Given the devastating impacts of COVID-19 on Illinoisans’ lives and our economy, it’s understandable if many of us would like to return to “normal.”
But our actions now will determine what is “normal” from now on—and it can’t mean going back to the way things were before.
Our recovery must move towards an economy that not only creates wealth but does so in a way that is just, equitable, and sustainable. This means for people as well as the environment: sustaining human life requires a healthy environment, and justice requires that we stop sacrificing people and communities on the altar of short-sighted, exploitative economic growth which delivers benefits to only a few.
As we work to do all this, we are confronted with stunning inequities in our current system which existed all along but which the pandemic has laid bare.
There are deep racial disparities in deaths from coronavirus: 28% of the people who have died from coronavirus in Illinois are Black, even though Black people account for only 14% of Illinois’ population. In other words, twice as many Black people died as you would expect if everyone had an equal chance of survival.
As Governor Pritzker rightly pointed out, “Generations of systemic disadvantages in health care delivery and access in communities of color and Black communities in particular are now amplified in this COVID-19 crisis.”
These systemic disadvantages are plain as day in the data. Black people in America are disproportionately likely to have asthma, high blood pressure, and diabetes. People who are Black, Latino, or have low incomes also face higher exposure to housing-related health issues, including poor indoor air quality. Black and Latino people are disproportionately exposed to air pollution, including the specific type of particulate pollution associated with the higher risk of death from COVID-19. All these factors relate to the impact of the pandemic on people of color, and the fact that long-term exposure to pollution has been found to significantly increase the risk of dying from COVID-19.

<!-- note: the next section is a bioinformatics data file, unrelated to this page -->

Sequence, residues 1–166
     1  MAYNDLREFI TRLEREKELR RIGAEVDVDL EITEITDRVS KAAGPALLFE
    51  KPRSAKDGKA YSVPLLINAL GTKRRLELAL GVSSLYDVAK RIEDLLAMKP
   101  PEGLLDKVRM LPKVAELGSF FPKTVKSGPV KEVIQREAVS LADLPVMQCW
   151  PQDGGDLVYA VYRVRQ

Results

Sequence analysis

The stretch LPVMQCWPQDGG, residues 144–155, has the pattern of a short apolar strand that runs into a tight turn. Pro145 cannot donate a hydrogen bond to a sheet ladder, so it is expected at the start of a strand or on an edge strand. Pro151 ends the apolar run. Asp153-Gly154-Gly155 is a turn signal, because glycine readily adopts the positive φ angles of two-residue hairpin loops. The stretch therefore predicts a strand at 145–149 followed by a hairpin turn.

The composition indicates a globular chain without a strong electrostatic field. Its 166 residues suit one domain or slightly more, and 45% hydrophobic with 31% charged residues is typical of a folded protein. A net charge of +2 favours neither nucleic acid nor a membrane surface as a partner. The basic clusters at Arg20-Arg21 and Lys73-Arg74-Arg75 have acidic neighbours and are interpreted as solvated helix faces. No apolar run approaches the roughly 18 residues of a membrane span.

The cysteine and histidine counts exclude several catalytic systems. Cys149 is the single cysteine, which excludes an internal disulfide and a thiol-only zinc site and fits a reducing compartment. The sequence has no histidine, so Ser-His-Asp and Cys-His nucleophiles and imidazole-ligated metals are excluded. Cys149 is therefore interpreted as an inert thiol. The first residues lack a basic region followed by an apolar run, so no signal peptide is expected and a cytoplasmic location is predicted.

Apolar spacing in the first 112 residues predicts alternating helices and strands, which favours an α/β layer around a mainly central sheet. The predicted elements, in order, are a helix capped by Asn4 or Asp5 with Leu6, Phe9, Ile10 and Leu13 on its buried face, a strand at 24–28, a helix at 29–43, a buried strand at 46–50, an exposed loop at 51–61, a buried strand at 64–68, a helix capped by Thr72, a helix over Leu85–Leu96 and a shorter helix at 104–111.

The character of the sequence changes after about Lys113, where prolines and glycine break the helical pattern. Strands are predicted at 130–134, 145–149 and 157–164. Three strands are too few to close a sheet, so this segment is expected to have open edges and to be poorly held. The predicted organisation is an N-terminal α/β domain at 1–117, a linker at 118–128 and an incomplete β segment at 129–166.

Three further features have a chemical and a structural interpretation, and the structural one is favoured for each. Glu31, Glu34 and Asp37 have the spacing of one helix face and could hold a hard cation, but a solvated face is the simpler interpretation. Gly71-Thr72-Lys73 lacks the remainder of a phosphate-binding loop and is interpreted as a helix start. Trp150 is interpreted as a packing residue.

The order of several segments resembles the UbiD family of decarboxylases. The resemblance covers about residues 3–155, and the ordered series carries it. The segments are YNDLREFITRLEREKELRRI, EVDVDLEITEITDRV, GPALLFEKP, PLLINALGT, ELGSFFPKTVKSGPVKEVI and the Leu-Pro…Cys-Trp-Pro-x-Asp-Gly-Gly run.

At the same time pollution is worsening the death toll from coronavirus, the government agencies charged with protecting human health and the environment are either failing—as we saw recently in Chicago when a demolition community activists vehemently opposed unleashed a cloud of dust over Little Village—or deliberately refusing to do their jobs, in the case of the Trump Administration’s Environmental Protection Agency outright refusing to enforce environmental protections during the pandemic. Unlike some cities, Chicago has not seen meaningful reductions in air pollution during the pandemic, despite its residents driving less.
Not only do social and economic burdens compound the impact of disasters on people—so do other, simultaneous disasters, as we saw with the severe flooding in Midland, MI (about an hour’s drive from my hometown), where evacuees shunned emergency shelters due to the threat of coronavirus.
Tragic in their own right, these floods may offer a glimpse into our future: scientists project multiple simultaneous disasters will be a regular occurance in the decades to come, if we do not take aggressive action on climate change. The U.S. Department of Defense has called climate change a “threat multiplier,” and we are now seeing firsthand how disasters that are becoming more severe and more frequent in a warmer world can amplify public health threats—not just in the developing world, but right here in the Midwest.
Racial discrepancies in health, policies that put polluters before people, and worsening disasters fueled by climate change were all part of our “normal” six months ago. Coronavirus has made them more severe and more obvious.
On top of all this, coronavirus is driving massive and possibly persistent changes to the economy: one in five of restaurants may go out of business, affecting the food service industry that employs about 11% of American workers. The shift from brick-and-mortar to online retail has accelerated during the pandemic and is expected to stick, impacting the 6% of American workers in retail sales. Nearly one in four Black and Latino workers is employed in the service industry (compared to fewer than one in six white people), so these declines are likely to disproportionately impact people of color.
A growing number of large tech companies are allowing employees to work from home permanently; this could reshuffle the tech sector, with implications for real estate and industries that service downtown office hubs. Once again, this trend will not affect everyone equally: Black and Latino workers are significantly less likely than white workers to be able to work from home.
We can’t go back to the old normal, but we can chart a new path forward. A better future will not happen naturally, nor as the result of the “free market.” Our governments have written the rules which have led to the ongoing collapse of our environment, which have led to massive wealth discrepancies, and which have oppressed and impoverished people of color for centuries. Changing these outcomes will mean rewriting the rules.
Building our new normal requires understanding the deep connections between race, wealth, health, and environment. It requires smart, intentional changes to public policy that advance economic justice, create a safe and healthy environment, and allow people of color to live joyfully and without fear.
In my next blog, I will suggest principles for what these policies could look like.